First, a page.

Carbs—they get a bad rap. Like many women, I’ve had a tumultuous relationship with them. It wasn’t until my late-20s that I finally said enough is enough. I waved goodbye to fear-mongering and diet culture. Among other changes, I started eating more carbohydrates. Not long after, my entire wellbeing shifted. I regained my menstrual cycle, improved my sleep, and found joy in eating for pleasure. Moral of the story: we need carbohydrates—especially as women. Carbs fuel metabolic processes, support hormone health, and provide necessary energy. We also need them for fertility. Most of the time, we want to prioritize nutrient-dense carbohydrates (i.e. 100% whole grains and starchy vegetables). These are rich essential nutrients and balance blood sugar. When it comes to hormone health, when is the best time to eat carbs on your cycle? There’s never a wrong time! Carbs are essential. However, the body is better at metabolizing them during a certain part of your menstrual cycle. Let’s dig in.
4 Phases of the Menstrual cycle
Before we dive into when is the best time to eat carbs on your cycle, let’s cover the basics. Each month—during the years between puberty and menopause—a woman’s body goes through a number of changes. This series of hormone-driven events = the menstrual cycle. During each menstrual cycle, an egg develops and is released from the ovaries. The lining of the uterus builds up. If a pregnancy doesn’t happen, the uterine lining sheds during a menstrual period. Thus, the cycle starts again. The length of each phase can differ from woman to woman, and it can change over time. Just like the seasons, a woman’s menstrual cycle has four distinct phases: menstrual, follicular, ovulatory, and luteal.
• menstrual: the start of your period
• follicular: 7-10 days leading up to ovulation
• ovulatory: 3-5 days of ovulation
• luteal: 10-14 days before your period
Keep in mind that every woman’s cycle is different, so your phases may have varying lengths.
how does the menstrual cycle affect blood sugar?
If you’re a long-time reader, you know I’m very passionate about blood sugar. Maintaining stable blood sugar is key for hormone health, longevity, sleep quality, energy, and keeping chronic illnesses at bay. It helped put my PCOS in remission. Luckily, keeping blood sugar balanced isn’t rocket science. That said, our ever-changing hormones make it a bit more nuanced. As women, our hormones are constantly shifting— and hormones impact blood sugar. It’s most noticeable during the ovulatory phase. This is because your levels of LH, FSH, and estrogen all rise, in preparation to ovulate. This causes a brief but notable spike in blood sugar (typically, days 11-14 of your cycle). If you’re using a continuous blood glucose monitor, you will likely notice elevated blood sugar levels for about 2-3 days.
When Is the best time to eat carbs on your cycle?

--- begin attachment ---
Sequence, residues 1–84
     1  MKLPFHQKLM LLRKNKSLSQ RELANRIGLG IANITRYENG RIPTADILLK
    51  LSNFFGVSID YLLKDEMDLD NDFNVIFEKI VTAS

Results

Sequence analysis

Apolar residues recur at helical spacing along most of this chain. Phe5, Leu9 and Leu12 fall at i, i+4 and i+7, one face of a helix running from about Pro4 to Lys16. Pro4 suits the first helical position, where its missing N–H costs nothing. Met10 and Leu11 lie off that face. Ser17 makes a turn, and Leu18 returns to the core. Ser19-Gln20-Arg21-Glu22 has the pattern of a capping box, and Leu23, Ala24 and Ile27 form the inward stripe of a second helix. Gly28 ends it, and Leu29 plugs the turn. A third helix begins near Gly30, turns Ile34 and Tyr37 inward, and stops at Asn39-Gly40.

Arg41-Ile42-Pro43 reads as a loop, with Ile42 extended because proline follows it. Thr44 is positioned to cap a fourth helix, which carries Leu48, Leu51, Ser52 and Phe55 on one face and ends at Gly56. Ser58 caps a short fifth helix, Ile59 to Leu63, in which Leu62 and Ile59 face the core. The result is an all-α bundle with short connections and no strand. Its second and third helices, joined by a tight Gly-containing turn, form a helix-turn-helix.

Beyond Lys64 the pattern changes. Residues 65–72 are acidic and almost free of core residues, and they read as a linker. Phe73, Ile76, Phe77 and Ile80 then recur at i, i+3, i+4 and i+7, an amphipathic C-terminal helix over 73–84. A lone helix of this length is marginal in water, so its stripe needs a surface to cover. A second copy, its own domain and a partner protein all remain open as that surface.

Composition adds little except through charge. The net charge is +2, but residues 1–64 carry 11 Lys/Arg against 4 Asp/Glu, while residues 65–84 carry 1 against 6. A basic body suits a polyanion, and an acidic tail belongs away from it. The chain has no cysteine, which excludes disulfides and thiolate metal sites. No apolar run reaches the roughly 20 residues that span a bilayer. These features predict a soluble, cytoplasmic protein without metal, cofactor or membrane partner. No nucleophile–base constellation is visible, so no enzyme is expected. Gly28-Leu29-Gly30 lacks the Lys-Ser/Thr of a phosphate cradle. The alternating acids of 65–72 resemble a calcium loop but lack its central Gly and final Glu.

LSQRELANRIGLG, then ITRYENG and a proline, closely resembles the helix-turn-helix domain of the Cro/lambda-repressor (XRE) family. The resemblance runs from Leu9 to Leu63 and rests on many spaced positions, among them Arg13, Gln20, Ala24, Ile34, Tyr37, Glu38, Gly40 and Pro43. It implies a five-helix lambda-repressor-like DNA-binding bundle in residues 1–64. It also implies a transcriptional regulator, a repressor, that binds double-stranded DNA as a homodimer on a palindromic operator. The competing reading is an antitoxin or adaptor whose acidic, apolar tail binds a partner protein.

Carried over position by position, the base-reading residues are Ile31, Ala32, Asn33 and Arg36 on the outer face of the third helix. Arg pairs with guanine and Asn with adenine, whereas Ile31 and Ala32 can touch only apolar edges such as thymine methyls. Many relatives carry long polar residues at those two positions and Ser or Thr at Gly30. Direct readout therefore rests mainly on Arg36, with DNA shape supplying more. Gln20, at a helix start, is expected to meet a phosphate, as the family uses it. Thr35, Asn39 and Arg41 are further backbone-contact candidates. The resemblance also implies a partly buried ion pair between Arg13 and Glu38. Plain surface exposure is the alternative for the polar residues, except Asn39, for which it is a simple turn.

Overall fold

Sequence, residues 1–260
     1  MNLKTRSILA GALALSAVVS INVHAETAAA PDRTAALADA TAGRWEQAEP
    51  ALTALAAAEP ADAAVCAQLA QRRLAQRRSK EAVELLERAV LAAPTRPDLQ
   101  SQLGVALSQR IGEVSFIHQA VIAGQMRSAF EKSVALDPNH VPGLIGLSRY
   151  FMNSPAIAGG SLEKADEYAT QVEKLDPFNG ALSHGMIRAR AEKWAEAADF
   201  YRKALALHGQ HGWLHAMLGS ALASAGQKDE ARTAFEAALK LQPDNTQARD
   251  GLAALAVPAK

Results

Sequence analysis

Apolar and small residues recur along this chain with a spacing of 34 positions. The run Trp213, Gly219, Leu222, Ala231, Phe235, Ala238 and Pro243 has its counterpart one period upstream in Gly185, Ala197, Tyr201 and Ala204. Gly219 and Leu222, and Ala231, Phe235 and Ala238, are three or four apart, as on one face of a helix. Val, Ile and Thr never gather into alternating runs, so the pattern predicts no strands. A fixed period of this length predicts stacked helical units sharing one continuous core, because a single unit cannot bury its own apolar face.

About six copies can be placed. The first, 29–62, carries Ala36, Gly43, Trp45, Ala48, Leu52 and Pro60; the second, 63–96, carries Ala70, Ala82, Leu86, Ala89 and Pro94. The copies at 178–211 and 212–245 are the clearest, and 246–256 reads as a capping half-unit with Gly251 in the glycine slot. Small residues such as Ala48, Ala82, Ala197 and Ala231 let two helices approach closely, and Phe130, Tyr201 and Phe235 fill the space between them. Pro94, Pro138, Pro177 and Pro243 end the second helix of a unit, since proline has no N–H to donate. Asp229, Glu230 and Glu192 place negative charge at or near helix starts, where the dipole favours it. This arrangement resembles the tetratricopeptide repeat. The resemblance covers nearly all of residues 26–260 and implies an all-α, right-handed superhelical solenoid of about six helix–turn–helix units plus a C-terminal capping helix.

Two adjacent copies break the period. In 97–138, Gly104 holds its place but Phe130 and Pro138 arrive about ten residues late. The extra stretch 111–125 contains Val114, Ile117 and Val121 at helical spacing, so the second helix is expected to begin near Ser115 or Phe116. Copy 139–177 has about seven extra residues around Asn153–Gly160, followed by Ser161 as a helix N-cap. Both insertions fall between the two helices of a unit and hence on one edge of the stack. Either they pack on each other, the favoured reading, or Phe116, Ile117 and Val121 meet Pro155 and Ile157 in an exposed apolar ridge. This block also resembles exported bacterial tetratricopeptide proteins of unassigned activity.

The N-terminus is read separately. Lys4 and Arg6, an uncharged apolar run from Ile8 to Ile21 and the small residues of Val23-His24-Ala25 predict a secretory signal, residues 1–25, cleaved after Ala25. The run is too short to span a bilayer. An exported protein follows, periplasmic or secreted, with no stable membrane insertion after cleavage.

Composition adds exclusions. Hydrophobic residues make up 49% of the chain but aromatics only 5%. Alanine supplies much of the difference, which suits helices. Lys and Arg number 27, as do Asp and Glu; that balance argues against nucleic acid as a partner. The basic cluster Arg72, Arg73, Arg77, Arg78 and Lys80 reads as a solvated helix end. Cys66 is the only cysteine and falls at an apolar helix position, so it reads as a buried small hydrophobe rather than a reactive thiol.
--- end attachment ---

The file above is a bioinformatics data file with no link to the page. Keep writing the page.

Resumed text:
The follicular phase! Studies show that most women have much higher carbohydrate tolerance in the first half of their cycle. Said differently: the follicular phase (days 0-14), is a more ideal time to lean into carb cravings. In essence, carbs have less impact on blood sugar from menstruation through ovulation. Whether that be a bowl of pasta at your favorite Italian restaurant or a weekend croissant at your local coffee shop, enjoy! Research indicates that estrogen—which is higher in the first half of the cycle—helps keep insulin resistance at bay. But post-ovulation, when estrogen decreases and progesterone is on the rise, the opposite occurs: insulin sensitivity decreases. For those with PCOS or other blood sugar regulation conditions, it’s best to minimize an overload of simple sugars during the luteal phase. This, in turn, will minimize blood sugar spikes. When in doubt, create a balanced plate. Pair your carbohydrates with protein and healthy fats.
hunger mirrors levels of progesterone
Although you may feel less hungry during the follicular phase, your body is better at metabolizing carbohydrates during this time. Meaning, it uses carbohydrates more effectively for sustained energy. In turn, the body keeps blood sugar balanced with less insulin. It’s a win-win. So, why is hunger lower in the follicular phase? This is because hunger mirrors levels of progesterone, and progesterone is lower in the follicular phase. On the flip side, progesterone is at its highest in the luteal phase (you need more calories in the second half of your cycle!). At the end of the day, honoring hunger is always important—regardless of which phase you’re in. You need adequate fuel to menstruate and ovulate.
Not sure if you’re eating enough? Check out my guide, here.
This article is for informational purposes only. It is not, nor is it intended to be, a substitute for professional medical advice, diagnosis, or treatment and we recommend that you always consult with your healthcare provider.
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